by Matt Slick
On May 1, 2011, U.S. forces killed Osama Bin Laden in a 40-minute attack on a compound in Pakistan. This ended a ten-year hunt for the world's worst terrorist, who masterminded the attack on U.S. soil where the Twin Towers in New York were destroyed and 3,000 people killed. What should the Christian's attitude be about his death?
The Christian response should be two-fold. First, we should be sad that he has died and entered into his eternal condemnation. This judgment is indeed horrible, and as Christians, we should be saddened for any unbeliever who has denied the true God as Bin Laden did in his Islamic beliefs. Second, we should rejoice that justice has been carried out.
On the one hand, God takes no pleasure in the death of the wicked.
- "For I have no pleasure in the death of anyone who dies," declares the Lord God. "Therefore, repent and live," (Ezekiel 18:32).
- "Say to them, ‘As I live!’ declares the Lord God, ‘I take no pleasure in the death of the wicked . . ." (Ezekiel 33:11).
We clearly see that God does not take pleasure in the death of the wicked. That is, it is not his desire that even the wicked die. Yet, on the other hand, we find . . .
- "And it shall come about that as the Lord delighted over you to prosper you, and multiply you, so the Lord will delight over you to make you perish and destroy you . . . " (Deut. 28:63).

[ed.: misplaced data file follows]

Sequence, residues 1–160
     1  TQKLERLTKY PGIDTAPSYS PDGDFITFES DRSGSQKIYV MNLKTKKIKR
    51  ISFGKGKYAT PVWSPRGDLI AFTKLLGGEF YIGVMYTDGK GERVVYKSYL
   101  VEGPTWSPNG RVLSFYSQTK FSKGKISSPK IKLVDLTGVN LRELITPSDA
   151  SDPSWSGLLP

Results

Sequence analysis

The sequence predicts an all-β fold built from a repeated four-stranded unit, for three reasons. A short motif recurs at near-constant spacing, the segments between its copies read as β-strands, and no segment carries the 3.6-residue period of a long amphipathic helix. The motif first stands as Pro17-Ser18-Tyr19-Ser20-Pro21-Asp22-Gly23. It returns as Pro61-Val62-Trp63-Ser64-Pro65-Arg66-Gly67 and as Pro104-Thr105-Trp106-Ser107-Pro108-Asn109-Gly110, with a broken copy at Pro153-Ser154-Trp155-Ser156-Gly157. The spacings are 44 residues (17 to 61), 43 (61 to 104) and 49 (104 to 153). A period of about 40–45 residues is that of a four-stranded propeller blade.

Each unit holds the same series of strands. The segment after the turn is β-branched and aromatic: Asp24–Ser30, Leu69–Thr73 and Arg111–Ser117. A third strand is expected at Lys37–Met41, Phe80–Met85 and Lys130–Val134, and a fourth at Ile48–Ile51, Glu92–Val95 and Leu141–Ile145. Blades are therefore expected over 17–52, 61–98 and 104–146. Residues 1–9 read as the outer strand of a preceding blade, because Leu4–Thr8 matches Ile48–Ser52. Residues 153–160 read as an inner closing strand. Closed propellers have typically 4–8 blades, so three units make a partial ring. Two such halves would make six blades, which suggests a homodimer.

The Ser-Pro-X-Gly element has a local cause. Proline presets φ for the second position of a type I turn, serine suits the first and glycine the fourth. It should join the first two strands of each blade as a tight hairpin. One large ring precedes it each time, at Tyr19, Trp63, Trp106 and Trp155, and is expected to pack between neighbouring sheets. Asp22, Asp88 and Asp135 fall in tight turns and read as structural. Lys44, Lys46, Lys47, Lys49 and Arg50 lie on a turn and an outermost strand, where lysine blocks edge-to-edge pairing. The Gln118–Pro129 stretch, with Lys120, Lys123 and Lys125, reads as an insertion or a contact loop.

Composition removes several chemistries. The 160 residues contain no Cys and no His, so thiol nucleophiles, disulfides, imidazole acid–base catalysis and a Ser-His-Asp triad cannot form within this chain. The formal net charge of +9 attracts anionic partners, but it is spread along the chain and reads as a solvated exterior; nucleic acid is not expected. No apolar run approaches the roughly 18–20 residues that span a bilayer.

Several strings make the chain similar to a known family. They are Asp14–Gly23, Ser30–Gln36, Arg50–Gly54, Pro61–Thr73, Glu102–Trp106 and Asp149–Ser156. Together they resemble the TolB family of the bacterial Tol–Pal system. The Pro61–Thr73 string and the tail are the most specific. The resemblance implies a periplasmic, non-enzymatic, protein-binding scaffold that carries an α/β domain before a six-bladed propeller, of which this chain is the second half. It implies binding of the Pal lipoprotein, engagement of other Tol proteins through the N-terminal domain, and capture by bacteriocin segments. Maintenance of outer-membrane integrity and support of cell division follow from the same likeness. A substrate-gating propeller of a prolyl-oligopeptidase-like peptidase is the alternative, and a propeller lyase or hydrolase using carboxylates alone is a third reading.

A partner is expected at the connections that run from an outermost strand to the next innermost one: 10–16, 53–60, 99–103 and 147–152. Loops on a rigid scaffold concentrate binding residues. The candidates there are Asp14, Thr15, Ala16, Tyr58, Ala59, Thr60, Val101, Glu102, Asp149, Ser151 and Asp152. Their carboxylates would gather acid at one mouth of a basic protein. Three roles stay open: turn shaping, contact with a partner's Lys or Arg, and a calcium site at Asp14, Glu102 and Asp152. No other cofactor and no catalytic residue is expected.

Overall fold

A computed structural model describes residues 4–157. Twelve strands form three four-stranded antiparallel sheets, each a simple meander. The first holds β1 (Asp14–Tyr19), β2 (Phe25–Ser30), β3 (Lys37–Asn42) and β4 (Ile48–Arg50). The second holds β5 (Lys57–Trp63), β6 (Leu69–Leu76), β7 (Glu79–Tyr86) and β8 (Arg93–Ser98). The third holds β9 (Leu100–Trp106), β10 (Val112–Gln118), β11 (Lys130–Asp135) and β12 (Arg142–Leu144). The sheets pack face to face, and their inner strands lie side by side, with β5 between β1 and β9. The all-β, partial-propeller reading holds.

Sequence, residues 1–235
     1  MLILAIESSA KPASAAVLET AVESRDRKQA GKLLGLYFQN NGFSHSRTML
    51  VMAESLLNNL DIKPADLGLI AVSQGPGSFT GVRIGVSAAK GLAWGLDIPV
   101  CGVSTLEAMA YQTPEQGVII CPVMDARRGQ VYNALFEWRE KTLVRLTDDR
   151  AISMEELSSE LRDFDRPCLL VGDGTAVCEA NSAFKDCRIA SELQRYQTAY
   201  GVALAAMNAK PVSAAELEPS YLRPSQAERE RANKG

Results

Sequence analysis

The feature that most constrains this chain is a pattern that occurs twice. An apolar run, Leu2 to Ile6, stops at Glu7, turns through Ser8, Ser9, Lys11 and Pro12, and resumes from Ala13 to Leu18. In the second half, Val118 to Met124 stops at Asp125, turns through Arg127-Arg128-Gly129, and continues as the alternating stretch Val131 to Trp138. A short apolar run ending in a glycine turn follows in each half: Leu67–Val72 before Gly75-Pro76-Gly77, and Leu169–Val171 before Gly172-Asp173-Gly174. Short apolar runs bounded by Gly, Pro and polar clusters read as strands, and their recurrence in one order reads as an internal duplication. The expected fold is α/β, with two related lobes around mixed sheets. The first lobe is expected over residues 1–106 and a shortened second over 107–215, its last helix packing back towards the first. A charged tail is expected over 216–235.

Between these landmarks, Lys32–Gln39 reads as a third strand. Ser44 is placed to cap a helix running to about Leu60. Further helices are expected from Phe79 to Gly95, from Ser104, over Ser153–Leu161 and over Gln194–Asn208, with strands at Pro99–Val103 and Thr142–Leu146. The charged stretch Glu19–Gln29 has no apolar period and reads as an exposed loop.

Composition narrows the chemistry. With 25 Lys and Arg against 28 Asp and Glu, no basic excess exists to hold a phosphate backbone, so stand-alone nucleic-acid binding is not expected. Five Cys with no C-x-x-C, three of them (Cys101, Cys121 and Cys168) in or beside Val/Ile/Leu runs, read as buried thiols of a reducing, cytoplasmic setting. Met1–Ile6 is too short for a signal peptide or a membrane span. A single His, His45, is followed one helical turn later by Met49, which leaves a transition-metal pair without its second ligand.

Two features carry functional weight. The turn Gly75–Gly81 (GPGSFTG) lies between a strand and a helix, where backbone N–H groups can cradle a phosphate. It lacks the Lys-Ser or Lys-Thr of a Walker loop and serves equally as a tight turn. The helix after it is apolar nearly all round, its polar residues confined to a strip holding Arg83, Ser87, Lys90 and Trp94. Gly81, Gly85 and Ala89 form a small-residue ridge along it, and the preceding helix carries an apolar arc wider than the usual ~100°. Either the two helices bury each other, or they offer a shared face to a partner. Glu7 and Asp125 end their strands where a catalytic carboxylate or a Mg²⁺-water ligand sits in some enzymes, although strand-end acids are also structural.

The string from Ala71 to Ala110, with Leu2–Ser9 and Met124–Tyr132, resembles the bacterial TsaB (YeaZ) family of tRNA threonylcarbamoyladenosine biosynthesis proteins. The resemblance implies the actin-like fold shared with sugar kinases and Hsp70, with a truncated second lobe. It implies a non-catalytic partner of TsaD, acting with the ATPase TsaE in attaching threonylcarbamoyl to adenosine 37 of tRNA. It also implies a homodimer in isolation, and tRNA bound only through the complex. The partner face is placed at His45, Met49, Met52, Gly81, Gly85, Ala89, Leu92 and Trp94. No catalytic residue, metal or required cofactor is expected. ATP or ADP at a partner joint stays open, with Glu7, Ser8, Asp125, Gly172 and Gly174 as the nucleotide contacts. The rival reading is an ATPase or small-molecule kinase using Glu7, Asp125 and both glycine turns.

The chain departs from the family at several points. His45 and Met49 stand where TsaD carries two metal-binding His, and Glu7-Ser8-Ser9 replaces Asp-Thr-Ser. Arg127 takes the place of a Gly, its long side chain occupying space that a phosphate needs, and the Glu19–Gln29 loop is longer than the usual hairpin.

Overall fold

- The word "delight" here is the word "soos" in Hebrew and it means to exult, rejoice, display joy.
- "If one man sins against another, God will mediate for him; but if a man sins against the Lord, who can intercede for him?" But they would not listen to the voice of their father, for the Lord desired to put them to death," (1 Sam. 2:25).
- The word "desired" here is the same Hebrew word, "chaphets," used in Ezekiel 18:32 and 33:11 ("pleasure") above. It means "to delight in, take pleasure in, desire, be pleased with."
- Likewise, the word "chaphets" occurs in Isaiah 53:10 where it says, "But the Lord was pleased to crush Him, putting Him to grief."
In the above verses, you can see that God takes no pleasure in the death of the wicked, yet he delighted in destroying wicked people. Is this a contradiction? No, because God can be saddened by the death of the wicked but also delight in executing his righteous judgment upon them because it is in accordance with the holy Law (do not murder, etc.), which he himself has given us.
If God executes his righteous judgment upon the wicked, then we have an obligation to follow his lead, to carry out righteousness, to deal with the wicked, and to guard the safety of others. We need to do this carefully, with caution, and only after proper laws have been followed.